“There’s a limit — we can only take so much pressure.”
Genres, Themes, Actors, and Directors:
Response to Peary’s Review:
He points out that “we are made to feel their discomfort and claustrophobia while inside their cramped, muggy, smelly, underwater vessel [and] their monotony, constant fear, and panic when enemy ships hover above.” He argues that “the picture is frightening because Petersen uses horror-movie techniques: the giant enemy ships emerging from the mist and lurching through the water are like great sea serpents”:
… [and] “the sweating, shouting, terrified men rushing about the ship in search of danger points (where water leaks in) could very well be characters in Alien.” Meanwhile, “the U-96 itself is like a room in a haunted house, where trapped men nervously listen to the spooky noises (i.e., death knells) on the outside. These men are in hell.”
Indeed, they are — a version of it, anyway. Peary points out that “Peterson’s goal was to show that all men in war are victims, certainly not a controversial theme” — though the picture was “criticized by those who thought Peterson — who chose not to deal with the soldiers’ politics — was apologizing for the Nazi soldiers.” Peary adds that “the film should be praised for debunking a myth that was held forth in Germany for 40 years — that German submarine warfare was a heroic, glorious adventure.”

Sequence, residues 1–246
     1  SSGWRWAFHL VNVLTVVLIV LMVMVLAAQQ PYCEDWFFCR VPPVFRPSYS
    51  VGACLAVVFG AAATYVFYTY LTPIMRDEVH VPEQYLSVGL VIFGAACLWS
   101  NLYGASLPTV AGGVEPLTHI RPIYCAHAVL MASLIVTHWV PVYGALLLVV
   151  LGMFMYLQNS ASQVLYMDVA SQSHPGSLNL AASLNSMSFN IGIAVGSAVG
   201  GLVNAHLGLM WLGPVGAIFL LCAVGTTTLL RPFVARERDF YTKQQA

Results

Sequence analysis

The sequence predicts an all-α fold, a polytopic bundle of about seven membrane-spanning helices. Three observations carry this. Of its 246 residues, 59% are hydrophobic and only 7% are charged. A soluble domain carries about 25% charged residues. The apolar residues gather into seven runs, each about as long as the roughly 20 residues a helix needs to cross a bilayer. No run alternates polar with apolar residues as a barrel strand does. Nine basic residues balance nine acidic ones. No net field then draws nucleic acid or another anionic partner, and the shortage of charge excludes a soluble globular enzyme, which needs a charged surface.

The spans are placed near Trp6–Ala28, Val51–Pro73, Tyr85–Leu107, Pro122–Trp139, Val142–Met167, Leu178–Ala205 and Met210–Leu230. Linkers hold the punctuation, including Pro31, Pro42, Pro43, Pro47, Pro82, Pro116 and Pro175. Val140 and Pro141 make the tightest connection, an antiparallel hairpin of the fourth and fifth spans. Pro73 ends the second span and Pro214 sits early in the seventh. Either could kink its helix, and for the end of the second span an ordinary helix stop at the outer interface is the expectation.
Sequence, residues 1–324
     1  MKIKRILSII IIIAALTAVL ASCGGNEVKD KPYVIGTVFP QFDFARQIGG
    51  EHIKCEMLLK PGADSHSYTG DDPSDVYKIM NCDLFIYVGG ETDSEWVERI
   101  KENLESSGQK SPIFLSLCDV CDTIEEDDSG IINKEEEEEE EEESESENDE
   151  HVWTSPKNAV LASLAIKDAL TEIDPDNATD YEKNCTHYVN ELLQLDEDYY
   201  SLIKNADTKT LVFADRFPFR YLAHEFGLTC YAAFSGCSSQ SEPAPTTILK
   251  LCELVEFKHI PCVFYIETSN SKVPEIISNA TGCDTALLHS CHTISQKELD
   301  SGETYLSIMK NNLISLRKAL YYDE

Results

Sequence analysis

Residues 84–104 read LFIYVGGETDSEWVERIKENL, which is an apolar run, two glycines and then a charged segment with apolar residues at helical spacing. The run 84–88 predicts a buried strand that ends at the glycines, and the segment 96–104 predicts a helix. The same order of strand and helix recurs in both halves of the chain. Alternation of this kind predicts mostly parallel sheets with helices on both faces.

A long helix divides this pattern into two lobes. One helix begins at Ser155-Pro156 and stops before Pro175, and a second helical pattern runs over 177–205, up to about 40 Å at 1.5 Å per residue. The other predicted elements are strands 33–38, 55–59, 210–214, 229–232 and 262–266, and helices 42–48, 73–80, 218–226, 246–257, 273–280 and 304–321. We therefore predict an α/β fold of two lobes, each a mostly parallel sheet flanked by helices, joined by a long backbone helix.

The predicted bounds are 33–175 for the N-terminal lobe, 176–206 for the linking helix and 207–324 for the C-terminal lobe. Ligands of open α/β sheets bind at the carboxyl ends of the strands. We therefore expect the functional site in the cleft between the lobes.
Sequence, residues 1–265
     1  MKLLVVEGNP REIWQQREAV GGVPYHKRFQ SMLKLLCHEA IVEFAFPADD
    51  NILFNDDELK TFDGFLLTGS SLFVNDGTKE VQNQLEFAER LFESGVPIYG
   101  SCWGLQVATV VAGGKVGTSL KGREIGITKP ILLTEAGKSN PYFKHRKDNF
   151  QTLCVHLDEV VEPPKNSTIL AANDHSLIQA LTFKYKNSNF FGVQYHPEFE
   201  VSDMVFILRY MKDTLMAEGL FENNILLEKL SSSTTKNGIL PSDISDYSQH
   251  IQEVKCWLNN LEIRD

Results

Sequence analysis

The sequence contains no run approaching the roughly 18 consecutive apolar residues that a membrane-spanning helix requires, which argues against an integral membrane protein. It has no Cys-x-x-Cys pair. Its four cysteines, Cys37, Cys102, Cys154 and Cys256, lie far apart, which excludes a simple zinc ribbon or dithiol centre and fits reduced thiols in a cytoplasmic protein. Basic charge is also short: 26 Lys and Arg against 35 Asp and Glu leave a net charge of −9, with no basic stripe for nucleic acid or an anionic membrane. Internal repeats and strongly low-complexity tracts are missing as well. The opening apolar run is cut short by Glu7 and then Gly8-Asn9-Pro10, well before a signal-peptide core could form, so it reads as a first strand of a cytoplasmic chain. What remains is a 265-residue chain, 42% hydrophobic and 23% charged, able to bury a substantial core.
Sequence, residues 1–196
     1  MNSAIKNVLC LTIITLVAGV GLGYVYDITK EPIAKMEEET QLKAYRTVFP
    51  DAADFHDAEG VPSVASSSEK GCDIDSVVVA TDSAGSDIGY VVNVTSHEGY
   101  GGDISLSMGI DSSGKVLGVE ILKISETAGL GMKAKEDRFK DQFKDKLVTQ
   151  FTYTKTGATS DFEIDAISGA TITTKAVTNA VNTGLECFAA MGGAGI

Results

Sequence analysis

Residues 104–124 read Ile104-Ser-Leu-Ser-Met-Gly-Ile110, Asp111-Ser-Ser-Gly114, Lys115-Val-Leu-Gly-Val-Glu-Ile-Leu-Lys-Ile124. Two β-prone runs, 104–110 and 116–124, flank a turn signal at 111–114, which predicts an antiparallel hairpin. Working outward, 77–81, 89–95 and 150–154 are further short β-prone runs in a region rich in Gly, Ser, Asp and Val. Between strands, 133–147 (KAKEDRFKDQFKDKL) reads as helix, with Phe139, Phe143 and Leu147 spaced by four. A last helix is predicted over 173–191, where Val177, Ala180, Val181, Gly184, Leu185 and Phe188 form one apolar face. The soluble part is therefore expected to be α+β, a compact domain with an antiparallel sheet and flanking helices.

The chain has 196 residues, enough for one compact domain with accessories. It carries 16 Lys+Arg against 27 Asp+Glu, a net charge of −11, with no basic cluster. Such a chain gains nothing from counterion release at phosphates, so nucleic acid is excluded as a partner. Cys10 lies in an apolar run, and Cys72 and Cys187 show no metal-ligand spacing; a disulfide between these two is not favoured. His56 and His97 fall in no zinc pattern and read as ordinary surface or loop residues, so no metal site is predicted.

In his review, Peary touches briefly on the fact that this “story became a five-hour German TV movie;” indeed, in the time since Peary’s GFTFF was published, several different home video versions have been released, including a 209-minute 1997 director’s cut version (which is what I watched for this review).
Peary also highlights the performance by Prochnow, who “makes a strong impression as the U-boat’s commander, who hates his superiors and war.”
Indeed, Prochnow is riveting (and perfectly cast, despite being older than the original commander) — and he’s surrounded by a cast of excellent performers, many of them inexperienced actors; the casting directors travelled around Germany to find men to represent various geographical areas.
Just a few more interesting facts about this film, which has become a solid modern classic and a bit of a cult favorite:
Note: Film fanatics will likely notice Günter Lamprecht — star of Berlin Alexanderplatz (1980) — in a small role as Captain of the Weser.
Notable Performances, Qualities, and Moments:
(Listed in 1001 Movies You Must See Before You Die)